If you’ve been spending Sundays watching church on Zoom and hoping that things will just get back to normal, the Rev. Canon Stephanie Spellers’ new book The Church Cracked Open: Disruption, Decline, and New Hope for Beloved Community will shake you up. Rev. Spellers, who serves as Presiding Bishop Curry’s Canon for Evangelism, Reconciliation, and Creation, realized that the painful social upheavals that boiled over during the summer of 2020 offered the opportunity for the church, and specifically the Episcopal Church, to get away from the empire-oriented, exclusive practices that were alienating people and causing the church to decline and to move towards something more sustaining, more like what Jesus’ first followers experienced. In just two months she wrote this short, direct book that focuses her education and experience on hard truths of the church, past and present, and what they might mean for the future.
Nadia Bolz-Weber explains The Church Cracked Open well: “If you are looking at the landscape of the church and wondering ‘How’d we get here’ and ‘what’s next,’ I invite you to board Rev. Spellers’ plane and take in the big picture with her. Take in the history, the theology, the pain, the beauty and the hope that her view from thirty-thousand feet offers. When she lands the plane, you’ll realize—there’s simply no better guide out there.”
Spellers introduces her powerful treatise with the story in Mark’s gospel about the woman at Bethany who came into the house of Simon the leper with an alabaster jar of nard, costly perfumed ointment, which she broke and poured onto Jesus’ head. Everyone was angry at her for wasting the precious substance and breaking the beautiful jar, but Jesus understood that she recognized something the others didn’t: “she was literally giving up the best of what she had—the alabaster jar and the nard—because he mattered that much to her. He was the holy one, the center of her world, and she had reoriented her life around him as her focus.”
There is no denying that the world as we know it cracked open this past year. And Spellers provides powerful evidence that the church as we know it was in quick and serious decline, cracked and broken even before the pandemic. In eight chapters, she explains why and provides a plan for using the broken pieces of our tradition to orient our lives more truly around Jesus and come closer to creating beloved community.
She begins by explaining why “Euro-tribal” churches have fallen to the margins. Rather than seeing the crises of the pandemic as the final blows to an ailing church, she says, we should use them as motivation to move away from White empire towards God and God’s dream. Spellers is very direct about how the Episcopal Church historically embraced and often epitomized racism, but her abiding love for the broken church comes through clearly.
After she names the problems and explains how they evolved, she moves towards imagining a better future, sharing the stories of men and women throughout history who lived better lives and provide hope that we can too. She explores the idea of kenosis, the non-attachment and self-giving that Jesus exemplified, and explains how we need to be brave enough to break our attachment to the alabaster jar of our church. She proposes a life of solidarity, where Christian communities who once identified with empire and establishment walk humbly with the oppressed to find salvation and holiness for all. And she brings these stories and concepts together by explaining the Way of Love —the rule of life for Episcopalians that the presiding bishop has developed —through their lens.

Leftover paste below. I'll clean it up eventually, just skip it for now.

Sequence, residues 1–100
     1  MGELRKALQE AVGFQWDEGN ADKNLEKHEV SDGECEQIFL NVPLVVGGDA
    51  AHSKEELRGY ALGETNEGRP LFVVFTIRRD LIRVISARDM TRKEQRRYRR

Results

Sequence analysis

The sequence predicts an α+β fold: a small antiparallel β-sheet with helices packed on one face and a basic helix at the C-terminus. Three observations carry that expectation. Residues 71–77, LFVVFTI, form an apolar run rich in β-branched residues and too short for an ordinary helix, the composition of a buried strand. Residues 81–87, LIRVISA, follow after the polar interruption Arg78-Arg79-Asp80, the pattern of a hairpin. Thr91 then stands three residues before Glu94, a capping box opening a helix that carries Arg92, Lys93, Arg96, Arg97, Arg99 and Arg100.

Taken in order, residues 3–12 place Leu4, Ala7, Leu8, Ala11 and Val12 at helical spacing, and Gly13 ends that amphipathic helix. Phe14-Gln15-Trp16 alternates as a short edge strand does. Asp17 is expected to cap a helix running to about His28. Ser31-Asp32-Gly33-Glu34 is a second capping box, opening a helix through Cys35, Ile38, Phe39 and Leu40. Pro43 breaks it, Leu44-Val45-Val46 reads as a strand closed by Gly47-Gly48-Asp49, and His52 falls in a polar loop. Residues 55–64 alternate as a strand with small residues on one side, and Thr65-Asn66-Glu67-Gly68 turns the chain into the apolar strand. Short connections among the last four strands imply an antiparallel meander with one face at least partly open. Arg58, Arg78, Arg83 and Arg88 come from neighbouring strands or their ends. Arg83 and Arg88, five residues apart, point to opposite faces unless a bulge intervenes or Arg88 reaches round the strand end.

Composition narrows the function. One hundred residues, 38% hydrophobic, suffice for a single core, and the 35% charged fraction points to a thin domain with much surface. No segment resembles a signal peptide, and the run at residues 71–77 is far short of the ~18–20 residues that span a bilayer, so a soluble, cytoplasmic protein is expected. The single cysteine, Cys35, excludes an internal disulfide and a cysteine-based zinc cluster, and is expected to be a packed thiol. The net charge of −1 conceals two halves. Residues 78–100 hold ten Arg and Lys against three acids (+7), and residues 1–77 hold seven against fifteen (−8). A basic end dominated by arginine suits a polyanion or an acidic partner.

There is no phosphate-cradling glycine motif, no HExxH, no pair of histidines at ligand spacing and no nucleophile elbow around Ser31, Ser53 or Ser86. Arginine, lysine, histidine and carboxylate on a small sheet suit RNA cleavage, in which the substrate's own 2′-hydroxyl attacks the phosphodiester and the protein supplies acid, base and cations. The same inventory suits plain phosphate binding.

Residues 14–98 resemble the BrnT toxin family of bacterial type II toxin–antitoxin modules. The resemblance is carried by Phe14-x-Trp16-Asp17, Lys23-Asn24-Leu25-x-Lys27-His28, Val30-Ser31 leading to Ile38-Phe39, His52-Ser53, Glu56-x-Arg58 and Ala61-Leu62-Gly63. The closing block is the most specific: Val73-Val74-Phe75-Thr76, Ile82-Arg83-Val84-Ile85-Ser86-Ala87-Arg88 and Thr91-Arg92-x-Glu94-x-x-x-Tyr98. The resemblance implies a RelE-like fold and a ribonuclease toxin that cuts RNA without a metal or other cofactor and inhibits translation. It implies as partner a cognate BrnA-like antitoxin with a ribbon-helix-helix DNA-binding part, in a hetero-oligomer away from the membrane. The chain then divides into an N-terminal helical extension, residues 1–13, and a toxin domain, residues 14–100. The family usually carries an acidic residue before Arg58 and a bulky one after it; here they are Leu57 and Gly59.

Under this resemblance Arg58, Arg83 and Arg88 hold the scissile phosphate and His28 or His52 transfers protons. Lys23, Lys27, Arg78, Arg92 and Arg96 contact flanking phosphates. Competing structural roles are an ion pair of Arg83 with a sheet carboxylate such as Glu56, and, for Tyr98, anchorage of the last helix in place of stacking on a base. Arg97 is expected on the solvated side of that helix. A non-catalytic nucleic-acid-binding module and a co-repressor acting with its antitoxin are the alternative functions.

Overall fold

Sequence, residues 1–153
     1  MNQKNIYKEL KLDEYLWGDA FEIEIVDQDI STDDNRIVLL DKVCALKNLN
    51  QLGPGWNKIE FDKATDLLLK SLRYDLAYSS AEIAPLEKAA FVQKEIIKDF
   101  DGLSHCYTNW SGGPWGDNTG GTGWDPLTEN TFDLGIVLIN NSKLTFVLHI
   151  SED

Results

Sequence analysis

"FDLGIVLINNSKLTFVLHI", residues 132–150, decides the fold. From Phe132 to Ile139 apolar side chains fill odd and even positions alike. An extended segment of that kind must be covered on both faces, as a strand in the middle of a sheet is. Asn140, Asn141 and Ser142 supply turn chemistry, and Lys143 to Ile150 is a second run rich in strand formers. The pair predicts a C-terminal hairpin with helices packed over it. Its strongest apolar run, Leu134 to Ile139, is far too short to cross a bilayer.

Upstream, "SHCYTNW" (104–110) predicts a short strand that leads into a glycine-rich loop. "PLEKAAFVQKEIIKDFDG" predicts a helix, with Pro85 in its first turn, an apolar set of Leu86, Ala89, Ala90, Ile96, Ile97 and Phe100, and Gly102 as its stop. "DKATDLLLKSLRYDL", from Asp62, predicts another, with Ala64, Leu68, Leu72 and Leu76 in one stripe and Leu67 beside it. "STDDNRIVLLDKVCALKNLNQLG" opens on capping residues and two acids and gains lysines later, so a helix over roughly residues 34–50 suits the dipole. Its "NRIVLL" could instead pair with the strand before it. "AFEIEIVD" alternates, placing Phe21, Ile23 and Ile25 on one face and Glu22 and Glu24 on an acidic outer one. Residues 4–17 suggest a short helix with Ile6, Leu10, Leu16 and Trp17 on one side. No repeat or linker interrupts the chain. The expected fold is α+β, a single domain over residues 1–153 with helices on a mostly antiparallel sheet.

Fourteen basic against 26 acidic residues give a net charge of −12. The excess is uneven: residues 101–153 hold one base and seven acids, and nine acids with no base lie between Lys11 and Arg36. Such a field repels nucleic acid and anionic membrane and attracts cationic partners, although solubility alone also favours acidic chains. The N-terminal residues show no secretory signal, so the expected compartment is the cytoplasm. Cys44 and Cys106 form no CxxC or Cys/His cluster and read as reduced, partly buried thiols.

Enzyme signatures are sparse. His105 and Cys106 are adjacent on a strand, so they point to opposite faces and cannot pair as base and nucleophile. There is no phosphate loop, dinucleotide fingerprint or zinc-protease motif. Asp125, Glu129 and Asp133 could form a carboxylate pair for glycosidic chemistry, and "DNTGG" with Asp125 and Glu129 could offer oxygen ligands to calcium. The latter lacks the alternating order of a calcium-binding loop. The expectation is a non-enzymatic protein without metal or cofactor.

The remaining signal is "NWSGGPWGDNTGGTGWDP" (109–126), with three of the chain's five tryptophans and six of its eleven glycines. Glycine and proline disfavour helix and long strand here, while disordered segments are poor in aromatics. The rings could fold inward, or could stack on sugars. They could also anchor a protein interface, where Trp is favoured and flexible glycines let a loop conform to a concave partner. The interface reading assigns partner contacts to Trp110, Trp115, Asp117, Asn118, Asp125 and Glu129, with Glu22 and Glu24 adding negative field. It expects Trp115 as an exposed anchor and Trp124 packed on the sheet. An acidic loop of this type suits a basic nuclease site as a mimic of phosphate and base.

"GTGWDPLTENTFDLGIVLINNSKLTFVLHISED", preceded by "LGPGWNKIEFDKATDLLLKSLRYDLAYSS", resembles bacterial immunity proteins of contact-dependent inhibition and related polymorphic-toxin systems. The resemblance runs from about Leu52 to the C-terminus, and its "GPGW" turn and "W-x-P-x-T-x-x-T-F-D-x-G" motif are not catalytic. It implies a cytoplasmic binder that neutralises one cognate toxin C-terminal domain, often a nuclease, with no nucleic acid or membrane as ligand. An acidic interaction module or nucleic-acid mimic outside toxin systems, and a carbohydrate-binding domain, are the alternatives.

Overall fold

Spellers hopes this book will inspire more than just deeper reflection. “My fervent prayer is that you will examine your life and the life of your church, and the systems and assumptions that shape both. I hope you will become less anxious about how you and your community are cracking open and more curious about how God might remake you as a true community of love.”
The Church Cracked Open packs a wallop. Though it’s short, it’s not an easy read— her deep understanding of the church and its history can get dense for a lay reader, and many of the anecdotes she shares are ugly and uncomfortable to face. But through these hard truths, she weaves poetry, specific hopes, and examples of people who have overcome the ugliness to provide images of what the future might look like. She leaves us not with the broken pieces of the church, but with a clear plan for how they might be put back together to create something truly beautiful and precious, something worthy of honoring God. Whether or not you agree with her diagnosis or her recovery plan for the church, you’ll discover profound new ways of considering what the return to church might look like. And you’ll understand why it can’t just go back to normal.
For a link to join the Episcopal Booksellers Association Authors Series conversation with the Rev. Canon Spellers on Thursday, May 13, at 6:00 p.m. Central, click here.
To purchase The Church Cracked Open from the Cathedral bookstore, click here.
The Church Cracked Open: Disruption, Decline, and New Hope for Beloved Community
Paperback: 160 pages
One voice speaking truth is a greater force than fleets and armies.
~Ursula K. Le Guin